A wart is a growth caused by the human papillomavirus (HPV). The virus infects the top layer of the skin, usually by entering through a break in the skin. As there are many types of HPV, there are many types of warts. Depending on the type and location of a wart, it may or may not be a cause for concern.
What are the Different Types?
Common warts, also known as verruca vulgaris, are rough and bumpy. They usually grow on the hands. They can have black dots that look like seeds; these dots are blood vessels that are “feeding” the wart.
Plantar or foot warts usually grow on the soles of the feet. Since walking puts pressure on them, plantar warts are either flat or grow inward. They often appear in clusters.
Filiform warts look like long, protruding threads or fingers. They often grow quickly on the face and are especially common around the eyes, nose and mouth.
Flat warts are smaller and smoother than other warts and can grow anywhere. Women most commonly develop these growths on their legs, while men develop them in the beard area. Children tend to develop these growths on the face. They tend to appear in large clusters of between 20 and 100 growths.
Genital warts develop on the genitals. They can affect both men and women, and they are frequently the result of unprotected sex. The formation of these growths in the vaginal area can cause itching, bleeding, and vaginal discharge.
Are these Growths Dangerous?
While contagious, most warts are benign and painless. Some of these growths, however, do develop in places where they will be rubbed or otherwise irritated. Plantar warts, for example, often become painful because people walk on them. Some patients have compared the discomfort caused by plantar warts to that of having a pebble in their shoe.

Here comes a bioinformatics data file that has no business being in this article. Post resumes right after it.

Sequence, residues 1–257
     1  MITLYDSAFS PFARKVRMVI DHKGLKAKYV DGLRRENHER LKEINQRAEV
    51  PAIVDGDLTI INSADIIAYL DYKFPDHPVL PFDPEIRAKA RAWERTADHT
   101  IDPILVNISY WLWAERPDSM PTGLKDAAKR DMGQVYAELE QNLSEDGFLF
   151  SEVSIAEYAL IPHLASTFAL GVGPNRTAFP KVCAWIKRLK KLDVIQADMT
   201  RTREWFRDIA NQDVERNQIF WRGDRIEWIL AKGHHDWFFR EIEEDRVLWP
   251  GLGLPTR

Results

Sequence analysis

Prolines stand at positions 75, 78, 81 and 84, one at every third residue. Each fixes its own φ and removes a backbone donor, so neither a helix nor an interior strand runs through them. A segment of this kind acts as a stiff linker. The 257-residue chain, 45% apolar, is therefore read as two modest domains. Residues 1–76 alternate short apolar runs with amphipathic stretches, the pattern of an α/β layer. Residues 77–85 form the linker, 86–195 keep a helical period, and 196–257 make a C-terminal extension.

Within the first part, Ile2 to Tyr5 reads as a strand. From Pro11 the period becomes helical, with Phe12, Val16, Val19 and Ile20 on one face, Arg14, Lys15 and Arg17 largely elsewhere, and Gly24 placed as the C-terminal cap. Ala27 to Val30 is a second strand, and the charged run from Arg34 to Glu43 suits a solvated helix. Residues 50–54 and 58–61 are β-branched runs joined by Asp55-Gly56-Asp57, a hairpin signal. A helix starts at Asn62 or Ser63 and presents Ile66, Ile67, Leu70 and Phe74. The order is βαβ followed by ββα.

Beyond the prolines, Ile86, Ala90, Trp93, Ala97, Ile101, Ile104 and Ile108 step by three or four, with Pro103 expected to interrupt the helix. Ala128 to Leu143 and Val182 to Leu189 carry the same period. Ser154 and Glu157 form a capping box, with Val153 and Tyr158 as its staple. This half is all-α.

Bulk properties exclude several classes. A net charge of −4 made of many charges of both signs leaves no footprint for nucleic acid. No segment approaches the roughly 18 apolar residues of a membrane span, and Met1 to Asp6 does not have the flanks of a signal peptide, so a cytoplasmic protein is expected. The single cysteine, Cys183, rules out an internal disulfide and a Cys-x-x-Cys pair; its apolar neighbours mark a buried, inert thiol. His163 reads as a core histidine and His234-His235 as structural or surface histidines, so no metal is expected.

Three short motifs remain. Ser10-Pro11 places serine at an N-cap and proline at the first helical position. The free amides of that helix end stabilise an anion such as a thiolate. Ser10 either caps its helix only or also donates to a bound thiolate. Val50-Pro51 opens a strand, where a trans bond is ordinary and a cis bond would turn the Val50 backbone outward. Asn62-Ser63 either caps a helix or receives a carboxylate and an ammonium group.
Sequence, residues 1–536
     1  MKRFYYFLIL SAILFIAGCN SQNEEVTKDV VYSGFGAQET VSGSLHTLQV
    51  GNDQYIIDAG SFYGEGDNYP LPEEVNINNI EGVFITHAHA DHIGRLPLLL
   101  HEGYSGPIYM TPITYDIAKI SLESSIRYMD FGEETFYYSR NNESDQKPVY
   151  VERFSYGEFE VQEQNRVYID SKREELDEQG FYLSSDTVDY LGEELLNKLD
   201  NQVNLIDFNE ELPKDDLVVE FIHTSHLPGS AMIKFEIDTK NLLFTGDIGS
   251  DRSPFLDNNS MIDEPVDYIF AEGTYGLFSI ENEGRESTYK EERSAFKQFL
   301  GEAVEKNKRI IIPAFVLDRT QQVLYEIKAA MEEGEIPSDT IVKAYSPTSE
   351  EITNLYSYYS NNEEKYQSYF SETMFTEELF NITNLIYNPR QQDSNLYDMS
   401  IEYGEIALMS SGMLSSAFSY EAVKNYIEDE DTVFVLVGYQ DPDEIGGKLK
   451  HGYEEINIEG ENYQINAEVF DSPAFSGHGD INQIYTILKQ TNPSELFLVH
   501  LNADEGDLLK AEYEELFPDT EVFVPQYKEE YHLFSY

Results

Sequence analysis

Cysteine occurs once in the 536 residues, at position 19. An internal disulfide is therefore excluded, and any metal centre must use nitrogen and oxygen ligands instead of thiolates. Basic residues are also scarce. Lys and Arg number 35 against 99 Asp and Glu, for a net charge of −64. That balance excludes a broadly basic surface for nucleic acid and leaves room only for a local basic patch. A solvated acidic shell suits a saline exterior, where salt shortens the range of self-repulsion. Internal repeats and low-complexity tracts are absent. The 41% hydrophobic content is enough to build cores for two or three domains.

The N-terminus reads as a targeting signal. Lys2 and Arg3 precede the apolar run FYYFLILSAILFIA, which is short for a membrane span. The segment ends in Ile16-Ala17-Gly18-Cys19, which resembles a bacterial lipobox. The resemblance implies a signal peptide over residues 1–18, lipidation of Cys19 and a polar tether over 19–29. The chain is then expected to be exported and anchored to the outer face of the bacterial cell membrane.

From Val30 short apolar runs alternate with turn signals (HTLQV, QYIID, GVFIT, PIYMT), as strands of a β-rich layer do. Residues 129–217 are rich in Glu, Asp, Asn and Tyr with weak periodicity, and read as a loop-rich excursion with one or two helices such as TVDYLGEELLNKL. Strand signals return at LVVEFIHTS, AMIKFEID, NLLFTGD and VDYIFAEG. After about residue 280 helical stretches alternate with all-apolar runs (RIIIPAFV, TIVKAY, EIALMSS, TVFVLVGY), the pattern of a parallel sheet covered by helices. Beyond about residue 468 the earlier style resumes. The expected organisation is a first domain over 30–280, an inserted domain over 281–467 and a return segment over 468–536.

If a wart is injured or damaged, it can become infected. An infected wart can leak pus or become red. A patient with an infected wart might develop a fever. Worse, the infection can spread and cause such diseases as paraproctitis (inflammation of the rectum) or balanoposthitis (inflammation of the foreskin and head of the penis). The biggest danger of these skin growths is their potential to become cancerous. This is especially true of genital warts; because of this, many doctors advise having them removed as soon as they are found.
How are they Treated?
Many people that develop these growths don’t get them treated unless they begin to spread or cause pain. There are many ways to remove a wart, including surgery or cryotherapy (freezing). Some medications can also be used to remove these growths; the doctor will either give the patient an injection or apply the medication directly onto the wart. Treatment, unfortunately, does not always work. If a small amount of the virus remains after treatment, the wart can grow back.
Dr. Yeoman’s Dermatology Office can both diagnose and treat warts. If you’re interested in having a wart examined and you live near Poplar Bluff, Missouri, or Paragould, Arizona, contact us today to schedule a consultation appointment.